WASHINGTON -- Vice President Joseph R. Biden Jr. opened annual strategic talks with senior Chinese leaders here on Wednesday by repeating the United States' accusation that the electronic theft of American intellectual property could undermine the relationship between the world's two largest economies.
And to no one's surprise, the Chinese had an answer ready: that the publication of secret documents showing the extent of American surveillance of Chinese universities and other institutions undercuts the Obama administration's case.
That friction, American officials conceded in private, underscores how difficult it will be for the United States to make progress on what President Obama and his top aides have said is now a central issue between two countries whose economies are intertwined and whose militaries are in competition.
And at a time when the Chinese economy is showing signs that it is headed into a period of slower growth, the administration's hopes of persuading Chinese leaders to crack down on the daily barrage of theft and espionage over the Internet -- considered crucial to keep China competitive -- is likely to be even more difficult.
"We both will benefit from an open, secure, reliable Internet," Mr. Biden said at the opening of the talks, the Strategic and Economic Dialogue, an annual effort to bring together top Chinese and American cabinet and subcabinet officials on a range of problems. "Outright cyber-enabling theft that U.S. companies are experiencing now must be viewed as out of bounds and needs to stop."
Mr. Biden was making the same point that Mr. Obama repeated in recent weeks, including during a meeting with China's new president, Xi Jingping, in California. To the Americans, China's cybertheft -- often directed by units of the People's Liberation Army -- is different, and far more corrosive, than standard government espionage.
An American official who was sent out to brief reporters after the first day of talks said that when it came to the theft of intellectual property -- including the designs of commercial products and military aircraft -- "we don't do it, and we don't think any country should do it."
China has always viewed the issue differently, seeing far less of a distinction involving what it regards as issues of economic and military security.
"For many Chinese, it is bizarre that how Washington can continue to pose as the biggest cyberespionage victim and demand others behave well," China Daily, a government-influenced publication, wrote before the meeting, "after former U.S. intelligence contractor Edward Snowden revealed that U.S. spy agencies hacked deep into China and other countries' computer networks, including those of government, military, research, educational and business organizations."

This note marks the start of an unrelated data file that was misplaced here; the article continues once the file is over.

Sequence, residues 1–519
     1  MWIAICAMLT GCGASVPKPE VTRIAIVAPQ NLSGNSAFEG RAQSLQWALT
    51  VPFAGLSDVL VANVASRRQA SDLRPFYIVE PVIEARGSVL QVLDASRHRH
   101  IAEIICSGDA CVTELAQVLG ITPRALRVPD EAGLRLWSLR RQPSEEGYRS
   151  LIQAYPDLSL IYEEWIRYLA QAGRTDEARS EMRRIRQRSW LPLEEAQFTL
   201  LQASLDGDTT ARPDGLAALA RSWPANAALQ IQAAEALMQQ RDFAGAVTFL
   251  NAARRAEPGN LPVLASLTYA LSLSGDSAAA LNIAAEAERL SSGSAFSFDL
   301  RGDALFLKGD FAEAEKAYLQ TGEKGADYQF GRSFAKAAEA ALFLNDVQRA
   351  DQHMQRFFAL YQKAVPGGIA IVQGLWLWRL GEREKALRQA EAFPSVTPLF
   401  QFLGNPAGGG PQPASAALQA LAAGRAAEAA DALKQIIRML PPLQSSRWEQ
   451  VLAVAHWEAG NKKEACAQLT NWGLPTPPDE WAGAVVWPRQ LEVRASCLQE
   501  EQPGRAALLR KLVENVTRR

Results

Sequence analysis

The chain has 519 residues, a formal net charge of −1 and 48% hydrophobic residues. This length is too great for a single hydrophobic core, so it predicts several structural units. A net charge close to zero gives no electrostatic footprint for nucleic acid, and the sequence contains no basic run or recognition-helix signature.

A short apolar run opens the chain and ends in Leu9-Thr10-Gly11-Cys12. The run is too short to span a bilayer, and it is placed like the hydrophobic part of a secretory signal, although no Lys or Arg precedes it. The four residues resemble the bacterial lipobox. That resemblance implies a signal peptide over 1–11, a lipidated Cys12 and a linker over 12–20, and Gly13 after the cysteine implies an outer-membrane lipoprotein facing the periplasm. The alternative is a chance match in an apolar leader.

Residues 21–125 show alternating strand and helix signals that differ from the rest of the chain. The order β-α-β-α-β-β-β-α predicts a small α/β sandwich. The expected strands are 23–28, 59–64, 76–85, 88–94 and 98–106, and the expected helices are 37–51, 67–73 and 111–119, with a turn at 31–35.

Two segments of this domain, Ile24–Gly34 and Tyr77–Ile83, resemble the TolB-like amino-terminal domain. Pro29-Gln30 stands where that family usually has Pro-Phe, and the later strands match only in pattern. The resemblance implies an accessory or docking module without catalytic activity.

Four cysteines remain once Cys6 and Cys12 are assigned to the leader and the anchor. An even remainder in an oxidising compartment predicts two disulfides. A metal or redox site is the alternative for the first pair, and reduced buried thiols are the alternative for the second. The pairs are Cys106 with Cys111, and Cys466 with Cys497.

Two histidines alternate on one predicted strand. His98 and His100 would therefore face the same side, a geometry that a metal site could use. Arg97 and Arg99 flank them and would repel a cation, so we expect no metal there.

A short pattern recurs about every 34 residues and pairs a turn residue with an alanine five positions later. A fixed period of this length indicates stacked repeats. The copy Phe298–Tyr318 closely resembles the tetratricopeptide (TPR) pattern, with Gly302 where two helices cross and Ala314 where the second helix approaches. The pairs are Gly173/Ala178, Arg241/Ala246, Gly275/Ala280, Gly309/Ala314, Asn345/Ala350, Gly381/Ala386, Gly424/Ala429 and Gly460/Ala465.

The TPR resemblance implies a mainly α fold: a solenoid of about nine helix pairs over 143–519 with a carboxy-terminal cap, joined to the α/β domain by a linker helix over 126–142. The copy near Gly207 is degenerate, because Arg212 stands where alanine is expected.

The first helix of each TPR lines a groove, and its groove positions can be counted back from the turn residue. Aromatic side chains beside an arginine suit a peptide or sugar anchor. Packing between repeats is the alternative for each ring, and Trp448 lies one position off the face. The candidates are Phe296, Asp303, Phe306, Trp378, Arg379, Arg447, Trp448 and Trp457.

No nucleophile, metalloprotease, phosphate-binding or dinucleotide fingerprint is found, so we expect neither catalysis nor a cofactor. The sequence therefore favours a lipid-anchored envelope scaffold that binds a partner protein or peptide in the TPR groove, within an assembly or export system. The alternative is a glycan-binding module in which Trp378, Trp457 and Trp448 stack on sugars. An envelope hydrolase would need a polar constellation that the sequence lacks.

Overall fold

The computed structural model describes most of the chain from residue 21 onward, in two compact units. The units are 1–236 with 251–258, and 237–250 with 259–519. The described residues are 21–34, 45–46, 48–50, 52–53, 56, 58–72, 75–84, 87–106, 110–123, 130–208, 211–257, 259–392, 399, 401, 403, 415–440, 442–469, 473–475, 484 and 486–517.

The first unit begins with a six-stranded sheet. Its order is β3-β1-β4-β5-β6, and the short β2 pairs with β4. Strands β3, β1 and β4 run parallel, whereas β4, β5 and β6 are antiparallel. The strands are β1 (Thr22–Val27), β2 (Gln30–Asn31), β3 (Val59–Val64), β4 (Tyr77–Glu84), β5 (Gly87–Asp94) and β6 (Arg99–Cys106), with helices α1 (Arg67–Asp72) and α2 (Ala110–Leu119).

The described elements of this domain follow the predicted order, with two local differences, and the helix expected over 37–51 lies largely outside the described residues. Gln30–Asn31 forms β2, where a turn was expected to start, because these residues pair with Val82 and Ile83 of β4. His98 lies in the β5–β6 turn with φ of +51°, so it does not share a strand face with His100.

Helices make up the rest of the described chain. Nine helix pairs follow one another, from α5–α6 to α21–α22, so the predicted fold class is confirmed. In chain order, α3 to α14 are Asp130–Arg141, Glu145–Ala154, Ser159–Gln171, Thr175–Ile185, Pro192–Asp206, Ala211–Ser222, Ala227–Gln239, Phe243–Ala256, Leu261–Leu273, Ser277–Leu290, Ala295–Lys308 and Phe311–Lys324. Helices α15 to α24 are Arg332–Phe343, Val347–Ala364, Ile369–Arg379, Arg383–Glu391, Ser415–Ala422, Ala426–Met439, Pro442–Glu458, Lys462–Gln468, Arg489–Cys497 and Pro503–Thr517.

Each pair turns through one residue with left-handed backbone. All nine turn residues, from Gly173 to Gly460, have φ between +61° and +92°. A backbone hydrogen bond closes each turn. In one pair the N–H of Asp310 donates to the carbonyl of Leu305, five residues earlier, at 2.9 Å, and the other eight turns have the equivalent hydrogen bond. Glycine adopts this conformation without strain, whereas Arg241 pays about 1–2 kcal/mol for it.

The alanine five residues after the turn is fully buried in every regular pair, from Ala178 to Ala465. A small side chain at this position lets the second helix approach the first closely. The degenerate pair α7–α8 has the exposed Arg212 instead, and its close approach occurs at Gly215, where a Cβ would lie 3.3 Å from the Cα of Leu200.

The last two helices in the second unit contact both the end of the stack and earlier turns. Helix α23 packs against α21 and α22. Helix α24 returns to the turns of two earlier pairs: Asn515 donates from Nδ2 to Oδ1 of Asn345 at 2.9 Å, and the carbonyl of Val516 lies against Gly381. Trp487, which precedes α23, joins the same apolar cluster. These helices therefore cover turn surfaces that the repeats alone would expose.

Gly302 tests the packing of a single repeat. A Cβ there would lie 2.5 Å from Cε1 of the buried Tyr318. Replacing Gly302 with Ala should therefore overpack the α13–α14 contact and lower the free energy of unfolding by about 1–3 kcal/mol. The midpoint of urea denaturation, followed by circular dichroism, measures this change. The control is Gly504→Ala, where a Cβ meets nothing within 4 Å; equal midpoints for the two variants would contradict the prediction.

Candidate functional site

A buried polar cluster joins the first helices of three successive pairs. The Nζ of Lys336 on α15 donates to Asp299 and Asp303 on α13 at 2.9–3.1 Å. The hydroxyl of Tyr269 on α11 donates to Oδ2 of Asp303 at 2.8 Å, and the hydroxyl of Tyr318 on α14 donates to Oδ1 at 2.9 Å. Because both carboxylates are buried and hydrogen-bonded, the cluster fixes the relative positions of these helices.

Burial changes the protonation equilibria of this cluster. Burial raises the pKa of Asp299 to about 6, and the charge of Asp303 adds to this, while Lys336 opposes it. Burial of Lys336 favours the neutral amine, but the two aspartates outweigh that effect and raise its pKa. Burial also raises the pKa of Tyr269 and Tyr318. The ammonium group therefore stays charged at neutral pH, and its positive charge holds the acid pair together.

It concluded that "by dividing cyberespionage into 'bad' and 'good' activities, Washington is trying to dictate the rules for global cyberdomain, which is a public space."
American and Chinese cyberexperts met Monday for the first time in a working group intended to address the issue. That alone was progress: when the United States asked Chinese officials to discuss cybertheft, cyberespionage and cybersecurity at a meeting several years ago, there was almost no give and take. But new attention focused on the activities of the Chinese military, notably Unit 61398 of the People's Liberation Army, has made it harder for Mr. Xi's government to ignore the United States' protests.
Mr. Snowden's revelations may be a gift to the Chinese, because they shift the focus from China's covert activities to Washington's. And even American scholars say the Chinese have a good argument. "It is not true that 'unwritten rules' prohibit economic espionage," said Jack Goldsmith, a Harvard law professor and cyberexpert who served in the Bush administration. "Economic espionage is expressly prohibited by U.S. domestic law but is not prohibited by international law, written or unwritten, and it is widely practiced."
The most fruitful part of the conversations, American officials indicated in a briefing late on Wednesday, dealt with North Korea and climate change, two areas where the governments have been moving into alignment.
This article originally appeared in The New York Times.